The United Nations’ top human rights official shed light on the alarming escalation of human rights abuses in North Korea. Accompanied by worsening economic conditions and increasing desperation among its citizens. Volker Türk, the U.N. high commissioner for human rights, addressed the first open meeting of the U.N. Security Council since 2017. He highlighted the distressing situation that the North Korean population finds itself in.
Türk noted that the people of North Korea have endured periods of economic hardship and repression in the past. But the current circumstances are even more dire. He revealed that informal markets and other survival mechanisms are being systematically dismantled. Indeed, pushing citizens into greater despair. The fear of state surveillance, arrest, and detention has intensified, making daily life a struggle for survival.
The country’s leader, Kim Jong Un, initially closed North Korea’s borders to combat the spread of COVID-19. However, Türk revealed that as the pandemic subsided, the government’s restrictions only tightened. Unauthorized border crossings could now result in lethal force by guards, and the nation remains largely off-limits to foreigners, including U.N. personnel.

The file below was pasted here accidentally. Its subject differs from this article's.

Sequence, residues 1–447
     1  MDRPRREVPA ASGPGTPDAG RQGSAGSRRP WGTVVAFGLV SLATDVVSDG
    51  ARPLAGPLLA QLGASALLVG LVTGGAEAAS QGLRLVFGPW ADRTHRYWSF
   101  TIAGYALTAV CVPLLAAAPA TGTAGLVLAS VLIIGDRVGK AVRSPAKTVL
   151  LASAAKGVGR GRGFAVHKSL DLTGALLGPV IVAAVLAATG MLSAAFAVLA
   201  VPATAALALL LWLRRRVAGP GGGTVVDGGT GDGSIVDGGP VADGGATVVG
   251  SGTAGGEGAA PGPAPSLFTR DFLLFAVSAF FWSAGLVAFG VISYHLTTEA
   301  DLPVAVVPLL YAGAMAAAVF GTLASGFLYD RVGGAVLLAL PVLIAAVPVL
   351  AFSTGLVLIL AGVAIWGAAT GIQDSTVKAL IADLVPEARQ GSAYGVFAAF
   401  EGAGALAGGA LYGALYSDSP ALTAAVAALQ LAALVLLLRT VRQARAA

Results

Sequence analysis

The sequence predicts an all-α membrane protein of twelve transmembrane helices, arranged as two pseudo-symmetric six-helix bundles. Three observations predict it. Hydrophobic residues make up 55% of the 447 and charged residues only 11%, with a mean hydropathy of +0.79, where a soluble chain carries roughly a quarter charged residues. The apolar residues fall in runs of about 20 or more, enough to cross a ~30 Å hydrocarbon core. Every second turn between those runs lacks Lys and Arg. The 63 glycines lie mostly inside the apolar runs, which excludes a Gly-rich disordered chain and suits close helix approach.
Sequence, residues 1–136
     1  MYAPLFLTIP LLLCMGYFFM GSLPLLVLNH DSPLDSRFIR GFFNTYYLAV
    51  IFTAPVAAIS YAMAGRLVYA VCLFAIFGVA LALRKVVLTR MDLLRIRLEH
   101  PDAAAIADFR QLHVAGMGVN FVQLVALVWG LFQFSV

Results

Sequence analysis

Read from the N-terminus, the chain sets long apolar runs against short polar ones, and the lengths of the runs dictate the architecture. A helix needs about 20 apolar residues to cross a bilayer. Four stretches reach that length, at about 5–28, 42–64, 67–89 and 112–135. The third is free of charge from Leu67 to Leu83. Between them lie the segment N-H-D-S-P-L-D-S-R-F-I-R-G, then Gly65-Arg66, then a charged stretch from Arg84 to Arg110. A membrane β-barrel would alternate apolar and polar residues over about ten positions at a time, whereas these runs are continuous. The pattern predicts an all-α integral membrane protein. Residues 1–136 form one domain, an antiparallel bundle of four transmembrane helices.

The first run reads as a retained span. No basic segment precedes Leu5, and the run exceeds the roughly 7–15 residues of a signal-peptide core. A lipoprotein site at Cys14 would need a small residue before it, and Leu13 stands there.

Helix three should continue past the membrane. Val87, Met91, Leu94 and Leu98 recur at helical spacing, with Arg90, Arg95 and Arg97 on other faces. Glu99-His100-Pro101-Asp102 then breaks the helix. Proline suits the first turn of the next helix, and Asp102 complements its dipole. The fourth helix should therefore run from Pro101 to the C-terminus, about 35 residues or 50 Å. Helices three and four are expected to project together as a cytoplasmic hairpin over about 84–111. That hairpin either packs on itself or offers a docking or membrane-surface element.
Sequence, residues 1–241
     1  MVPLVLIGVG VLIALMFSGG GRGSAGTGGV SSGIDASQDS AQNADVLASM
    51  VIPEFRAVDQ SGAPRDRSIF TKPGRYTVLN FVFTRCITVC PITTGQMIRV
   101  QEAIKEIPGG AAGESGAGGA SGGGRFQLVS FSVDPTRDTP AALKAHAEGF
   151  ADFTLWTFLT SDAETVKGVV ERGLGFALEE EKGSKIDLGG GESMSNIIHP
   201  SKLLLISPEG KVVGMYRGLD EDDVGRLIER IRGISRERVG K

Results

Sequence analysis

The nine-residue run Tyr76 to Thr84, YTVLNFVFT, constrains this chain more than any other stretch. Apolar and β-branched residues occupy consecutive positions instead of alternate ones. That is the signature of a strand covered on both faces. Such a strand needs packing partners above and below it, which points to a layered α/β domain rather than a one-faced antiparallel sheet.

Shocking Crackdown on Human Rights
Türk unveiled shocking examples of the regime’s intensifying crackdown on human rights. Merely consuming information from abroad, particularly from South Korea, now carries the threat of imprisonment ranging from five to fifteen years. Distributing such material is met with even graver consequences, including life imprisonment or the death penalty.
Economic turmoil has exacerbated the citizens’ plight, as the government has shut down private means of generating income and criminalized such activities. This has led to extreme hunger and dire shortages of essential medications. With state-run economic institutions unable to meet the populace’s needs, many are grappling with severe deprivation.
The U.N. commissioner stressed that the escalation of human rights violations is intrinsically linked to the militarization of North Korea. Forced labour is rampant, with individuals, including political prisoners and school children, coerced into arduous work. Families are obligated to provide both labour and a government-imposed quota of goods, and overseas workers’ wages are confiscated to bolster the military apparatus.
Elizabeth Salmón, the U.N. special investigator on human rights in North Korea, echoed Türk’s concerns. She highlighted the dire consequences of the crisis, stating that some individuals are succumbing to starvation, while others are falling victim to malnutrition, diseases, and a lack of access to healthcare.
The gravity of the situation in North Korea demands urgent international attention and action. As the international community grapples with the unfolding crisis, the fundamental human rights and well-being of North Korea’s citizens hang in the balance, raising a critical call for intervention and support.